49ers GM Lynch speaks with Harbaugh about Michigan prospects

49ers GM Lynch speaks with Harbaugh about Michigan prospects

PHOENIX – John Lynch’s draft preparation as a first-year NFL general manager prompted him to make a phone call Monday to Jim Harbaugh.

“I talked to an old 49ers coach yesterday,” Lynch said at the NFL owners meetings. “He was great. He has a lot of players who are draftable. (He) gave me a lot of great information, and it was entertaining, as it always is with Jim.

“He just said, ‘Fired up for you, man,’ then we started talking about his players. He had to go to a meeting and I had to go to a meeting, so it was quick.”

Before Lynch could quiz Harbaugh about some of the Wolverines’ draft-eligible prospects, Harbaugh had a brief chance to catch up with his brother, John, the Baltimore Ravens head coach.

“It was fun because right when we called, his brother was right there,” Lynch said.

“So John came over and before I could get on the phone, John and Jim were talking. I said, ‘Hey, you’re cutting into my time, give me the phone.’ We had a good time.”

Michigan’s top prospects are safety Jabrill Peppers, who won the Paul Hornung Award as the nation’s most-versatile player, and edge rusher Taco Charlton.

Lynch said does not ask “lazy questions” of any college coach about his former players. Instead, he’s looking at specifics, such as what position a player is better suited to play at the NFL level.

Harbaugh, who was let go after the 49ers' 8-8 season of 2014, enters his third season at his alma mater after two seasons with 10-3 records.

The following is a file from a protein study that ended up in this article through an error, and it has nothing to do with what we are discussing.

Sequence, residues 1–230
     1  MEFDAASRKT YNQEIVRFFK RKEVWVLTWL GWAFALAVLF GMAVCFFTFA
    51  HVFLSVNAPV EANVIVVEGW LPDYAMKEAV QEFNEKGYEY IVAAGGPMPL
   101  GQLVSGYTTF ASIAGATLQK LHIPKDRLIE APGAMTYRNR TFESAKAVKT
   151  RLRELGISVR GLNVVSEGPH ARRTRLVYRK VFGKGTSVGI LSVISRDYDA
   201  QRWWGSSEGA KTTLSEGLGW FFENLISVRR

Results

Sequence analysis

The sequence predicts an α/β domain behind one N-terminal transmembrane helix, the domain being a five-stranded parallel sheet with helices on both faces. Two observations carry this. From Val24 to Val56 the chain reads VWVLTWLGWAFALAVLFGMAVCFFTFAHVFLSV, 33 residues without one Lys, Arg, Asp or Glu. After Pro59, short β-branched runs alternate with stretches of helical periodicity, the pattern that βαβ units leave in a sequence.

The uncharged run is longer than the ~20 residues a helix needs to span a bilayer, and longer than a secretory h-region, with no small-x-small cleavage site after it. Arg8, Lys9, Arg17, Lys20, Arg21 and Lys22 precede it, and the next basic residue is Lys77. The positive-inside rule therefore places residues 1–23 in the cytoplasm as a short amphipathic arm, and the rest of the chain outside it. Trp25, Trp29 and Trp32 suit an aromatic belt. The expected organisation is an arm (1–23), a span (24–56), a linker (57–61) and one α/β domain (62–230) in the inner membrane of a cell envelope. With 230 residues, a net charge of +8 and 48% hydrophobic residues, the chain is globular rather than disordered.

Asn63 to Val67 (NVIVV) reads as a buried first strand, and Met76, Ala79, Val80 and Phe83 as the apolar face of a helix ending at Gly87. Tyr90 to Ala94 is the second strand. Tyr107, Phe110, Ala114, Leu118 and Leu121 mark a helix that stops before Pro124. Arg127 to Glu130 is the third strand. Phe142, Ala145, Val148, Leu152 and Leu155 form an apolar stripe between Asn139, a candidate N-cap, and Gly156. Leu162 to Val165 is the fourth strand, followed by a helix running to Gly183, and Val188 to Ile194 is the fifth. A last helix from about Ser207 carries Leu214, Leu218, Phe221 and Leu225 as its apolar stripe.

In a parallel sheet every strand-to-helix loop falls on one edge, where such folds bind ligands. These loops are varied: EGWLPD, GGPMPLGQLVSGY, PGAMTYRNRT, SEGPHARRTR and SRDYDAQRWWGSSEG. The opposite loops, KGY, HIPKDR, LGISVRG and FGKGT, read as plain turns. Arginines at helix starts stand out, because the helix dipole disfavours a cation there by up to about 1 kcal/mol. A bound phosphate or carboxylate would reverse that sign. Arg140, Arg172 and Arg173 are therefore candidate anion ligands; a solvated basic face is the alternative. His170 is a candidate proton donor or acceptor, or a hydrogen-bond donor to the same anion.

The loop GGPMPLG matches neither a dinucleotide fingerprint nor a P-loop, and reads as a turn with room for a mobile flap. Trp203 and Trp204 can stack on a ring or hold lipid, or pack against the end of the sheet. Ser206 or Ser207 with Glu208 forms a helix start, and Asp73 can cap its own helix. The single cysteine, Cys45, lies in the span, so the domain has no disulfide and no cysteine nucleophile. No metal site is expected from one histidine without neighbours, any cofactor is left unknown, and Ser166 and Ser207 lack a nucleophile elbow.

NFL centralizes replay reviews, Del Rio wants more freedom in challenges

NFL centralizes replay reviews, Del Rio wants more freedom in challenges

PHOENIX – Fans won’t see special teams players leaping over the long snapper in an attempt to block a field goal or extra point. Seattle’s Kam Chancellor made some big plays with that technique, but won’t have the chance anymore.

The NFL outlawed that option on Tuesday as one several rule changes enacted at the league meetings.

“There are some safety concerns,” Raiders head coach Jack Del Rio said. “that are legitimate.”

The NFL also centralized replay reviews, taking that power away from officials on the field. NFL head of officiating Dean Blandino and associates at the NFL’s command center will handle reviews in an effort to add consistency to important calls.

Del Rio hoped replay challenges would be expanded further, but a proposal by Seattle and Buffalo allowing coaches to challenge any play save scoring plays and turnovers, which are automatically reviewed, did not pass.

“I think there are a number of coaches who feel like, if there’s an obvious error, we should have a mechanism to correct it,” Del Rio said. “We catch most of them, so you’re talking about a small percentage. It’s hard to move the needle for such a small percentage. That’s the problem. The fact is, if it’s important enough that we’re willing to use that challenge, we’d like that right and ability. Things happen, and you don’t want to lose a big game, a game that decides whether you advance in the playoffs or make the playoffs and it’s something you could overturn, that you could challenge or change. Why not?”

Here's a list of new rules and bylaws adopted by the league on Tuesday.